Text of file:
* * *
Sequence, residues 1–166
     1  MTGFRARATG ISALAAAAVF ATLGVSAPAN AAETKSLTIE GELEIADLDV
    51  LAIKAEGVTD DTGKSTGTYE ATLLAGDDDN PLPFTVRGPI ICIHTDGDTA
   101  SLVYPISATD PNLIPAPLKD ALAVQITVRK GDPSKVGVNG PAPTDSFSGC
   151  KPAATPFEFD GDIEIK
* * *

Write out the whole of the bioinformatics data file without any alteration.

Sequence, residues 1–166
     1  MTGFRARATG ISALAAAAVF ATLGVSAPAN AAETKSLTIE GELEIADLDV
    51  LAIKAEGVTD DTGKSTGTYE ATLLAGDDDN PLPFTVRGPI ICIHTDGDTA
   101  SLVYPISATD PNLIPAPLKD ALAVQITVRK GDPSKVGVNG PAPTDSFSGC
   151  KPAATPFEFD GDIEIK